The following is an exact reproduction of an article that appeared on the front page of the October 15, 2009 Chicago Daily Law Bulletin, a legal and business newspaper published since 1854 and read by tens of thousands of professionals in the Chicagoland area:
Court: Judge didn't consider woman's clean record
before approving plea deal
By Pat Milhizer
Law Bulletin staff writer
A woman who pleaded guilty to purposely burning her child in exchange for a 16-year prison sentence should get a new sentencing hearing because a Cook County judge didn't consider her clean criminal record before approving the deal she made with prosecutors, the 1st District Appellate Court has held.
In 2004, Ollie Smith was charged with three counts of aggravated battery of a child, three counts of heinous battery and three counts of aggravated battery after she held her three-year-old daughter in 165-degree water.
In a videotaped statement to police, she said that she burned the girl and that she initially lied about the cause of the third-degree burns that the child sustained over a third of her body, according to the Appellate Court order.
In 2007, Smith reached an agreement with the state that she would plead guilty to aggravated battery of a child and receive a 16-year sentence. The judge then advised Smith that she had given up her right to a jury trial and a presentence investigation.
About a month later, Smith filed a pro se motion to vacate her guilty plea, claiming that it was made involuntarily and that she wasn't mentally fit to enter it.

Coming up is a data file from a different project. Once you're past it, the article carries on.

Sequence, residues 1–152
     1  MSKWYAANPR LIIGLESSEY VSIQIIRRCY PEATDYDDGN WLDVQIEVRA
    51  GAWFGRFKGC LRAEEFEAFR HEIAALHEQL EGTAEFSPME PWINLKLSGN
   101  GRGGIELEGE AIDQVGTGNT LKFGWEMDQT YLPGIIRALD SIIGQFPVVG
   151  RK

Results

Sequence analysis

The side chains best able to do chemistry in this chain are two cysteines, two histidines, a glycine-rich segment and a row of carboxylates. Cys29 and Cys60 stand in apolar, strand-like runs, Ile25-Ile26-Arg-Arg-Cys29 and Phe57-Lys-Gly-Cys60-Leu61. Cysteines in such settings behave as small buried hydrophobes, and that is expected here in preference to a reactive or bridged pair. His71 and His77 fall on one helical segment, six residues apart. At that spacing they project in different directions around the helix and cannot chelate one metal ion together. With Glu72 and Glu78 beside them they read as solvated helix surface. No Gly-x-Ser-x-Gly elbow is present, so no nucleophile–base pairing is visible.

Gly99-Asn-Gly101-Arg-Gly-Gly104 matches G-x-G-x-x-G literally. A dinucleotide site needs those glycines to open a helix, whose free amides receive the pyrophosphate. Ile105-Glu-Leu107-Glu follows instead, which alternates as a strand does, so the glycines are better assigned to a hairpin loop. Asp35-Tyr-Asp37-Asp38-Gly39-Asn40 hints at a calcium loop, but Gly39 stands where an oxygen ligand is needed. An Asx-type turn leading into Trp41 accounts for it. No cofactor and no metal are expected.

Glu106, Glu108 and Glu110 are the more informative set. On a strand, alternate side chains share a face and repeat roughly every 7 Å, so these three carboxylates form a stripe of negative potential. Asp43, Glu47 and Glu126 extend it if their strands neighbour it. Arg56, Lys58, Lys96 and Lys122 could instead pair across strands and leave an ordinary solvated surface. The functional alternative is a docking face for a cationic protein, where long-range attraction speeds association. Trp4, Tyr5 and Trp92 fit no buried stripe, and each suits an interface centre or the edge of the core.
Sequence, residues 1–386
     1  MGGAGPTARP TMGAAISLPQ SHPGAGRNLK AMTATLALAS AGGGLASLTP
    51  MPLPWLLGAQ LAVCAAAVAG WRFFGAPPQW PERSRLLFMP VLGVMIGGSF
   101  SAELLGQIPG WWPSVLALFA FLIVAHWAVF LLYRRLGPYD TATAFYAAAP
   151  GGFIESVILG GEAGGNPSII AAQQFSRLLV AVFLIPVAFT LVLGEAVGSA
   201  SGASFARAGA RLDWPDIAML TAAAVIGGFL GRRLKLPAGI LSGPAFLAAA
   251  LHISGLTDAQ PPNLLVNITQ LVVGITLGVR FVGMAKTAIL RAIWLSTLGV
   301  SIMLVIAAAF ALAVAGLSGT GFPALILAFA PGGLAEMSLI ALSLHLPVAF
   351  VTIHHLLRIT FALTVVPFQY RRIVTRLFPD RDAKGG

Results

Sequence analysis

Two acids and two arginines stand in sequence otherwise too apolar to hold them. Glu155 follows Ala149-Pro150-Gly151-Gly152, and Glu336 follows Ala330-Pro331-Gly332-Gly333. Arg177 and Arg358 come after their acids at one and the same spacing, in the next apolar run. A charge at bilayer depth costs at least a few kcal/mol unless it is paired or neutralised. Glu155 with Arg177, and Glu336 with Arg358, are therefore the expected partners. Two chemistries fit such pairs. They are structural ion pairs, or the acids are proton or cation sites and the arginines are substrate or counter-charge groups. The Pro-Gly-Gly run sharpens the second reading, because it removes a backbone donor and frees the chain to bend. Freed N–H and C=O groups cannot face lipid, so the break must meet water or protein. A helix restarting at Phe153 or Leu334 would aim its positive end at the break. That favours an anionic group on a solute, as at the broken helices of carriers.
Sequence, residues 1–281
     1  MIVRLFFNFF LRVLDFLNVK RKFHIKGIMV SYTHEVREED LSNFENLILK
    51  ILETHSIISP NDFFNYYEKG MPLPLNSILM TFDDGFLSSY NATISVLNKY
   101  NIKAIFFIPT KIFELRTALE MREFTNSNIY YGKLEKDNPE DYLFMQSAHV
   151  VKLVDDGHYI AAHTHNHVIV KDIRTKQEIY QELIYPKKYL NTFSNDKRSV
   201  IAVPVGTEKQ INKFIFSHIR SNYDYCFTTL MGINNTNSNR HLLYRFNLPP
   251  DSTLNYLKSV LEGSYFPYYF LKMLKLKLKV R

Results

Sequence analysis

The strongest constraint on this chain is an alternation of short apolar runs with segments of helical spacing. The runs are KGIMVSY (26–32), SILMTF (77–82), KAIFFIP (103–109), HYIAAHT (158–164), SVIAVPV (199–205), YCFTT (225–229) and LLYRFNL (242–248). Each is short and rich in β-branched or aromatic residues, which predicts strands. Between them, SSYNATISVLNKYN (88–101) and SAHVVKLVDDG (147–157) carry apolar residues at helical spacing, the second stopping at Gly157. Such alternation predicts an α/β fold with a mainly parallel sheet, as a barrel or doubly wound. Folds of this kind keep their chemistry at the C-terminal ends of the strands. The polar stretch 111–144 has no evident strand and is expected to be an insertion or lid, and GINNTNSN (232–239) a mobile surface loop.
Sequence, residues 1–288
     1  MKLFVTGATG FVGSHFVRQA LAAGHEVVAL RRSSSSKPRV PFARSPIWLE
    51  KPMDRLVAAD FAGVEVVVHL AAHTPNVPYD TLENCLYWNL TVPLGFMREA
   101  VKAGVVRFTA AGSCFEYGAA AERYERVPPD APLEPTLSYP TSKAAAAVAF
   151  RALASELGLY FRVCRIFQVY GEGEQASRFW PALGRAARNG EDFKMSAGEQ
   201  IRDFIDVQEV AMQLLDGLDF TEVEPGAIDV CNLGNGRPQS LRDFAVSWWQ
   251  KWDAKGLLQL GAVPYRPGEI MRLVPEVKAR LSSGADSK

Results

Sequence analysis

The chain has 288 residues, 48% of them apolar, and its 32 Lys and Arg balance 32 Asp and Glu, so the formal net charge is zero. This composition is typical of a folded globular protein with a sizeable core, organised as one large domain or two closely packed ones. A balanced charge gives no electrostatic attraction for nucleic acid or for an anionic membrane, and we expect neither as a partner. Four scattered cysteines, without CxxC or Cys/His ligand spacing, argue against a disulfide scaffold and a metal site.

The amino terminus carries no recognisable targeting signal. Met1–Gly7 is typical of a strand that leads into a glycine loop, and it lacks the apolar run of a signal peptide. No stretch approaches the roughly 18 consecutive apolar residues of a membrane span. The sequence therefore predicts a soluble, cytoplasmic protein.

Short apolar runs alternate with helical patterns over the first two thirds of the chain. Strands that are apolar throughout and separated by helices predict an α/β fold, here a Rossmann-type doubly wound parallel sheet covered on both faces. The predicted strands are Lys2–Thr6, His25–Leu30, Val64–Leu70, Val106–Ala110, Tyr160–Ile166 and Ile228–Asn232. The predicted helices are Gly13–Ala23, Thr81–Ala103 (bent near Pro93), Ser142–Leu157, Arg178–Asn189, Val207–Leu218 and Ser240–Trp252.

Associate Judge Lawrence P. Fox concluded that her allegation had no basis in law or fact.
Fox also noted that during her hearing in which she pleaded guilty, Smith didn't express hesitation or a lack of understanding the proceedings. Case law holds that defendants don't have an absolute right to withdraw guilty pleas, and Fox denied her motion to withdraw the plea.
On Wednesday, an appeals panel upheld the conviction in an unpublished order but remanded the case for a new sentencing hearing based on the Unified Code of Corrections.
The panel said that strict compliance with the code is required, and presentence investigation reports can only be waived when there's a plea deal--like there was in this case--and when there's an on-the-record finding regarding the defendant's criminal history.
In Smith's case, such a record would have indicated that she had no criminal past. The appeals panel disagreed with the state's argument that Smith wasn't entitled to the new sentencing hearing because she failed to raise that issue in her motion to withdraw her guilty plea.
Smith was represented by Deputy Defender Patricia Unsinn of the state appellate defender's office and Assistant Appellate Defender Michael Joseph Wilson.
The state was represented by Assistant State's Attorneys James E. Fitzgerald, Marie Quinlivan Czech and Anthony L. Kenney.
The 14-page order was written by Justice John Owen Steele. Justices Michael J. Murphy and Patrick J. Quinn concurred.
People v. Ollie Smith, No. 1-08-0120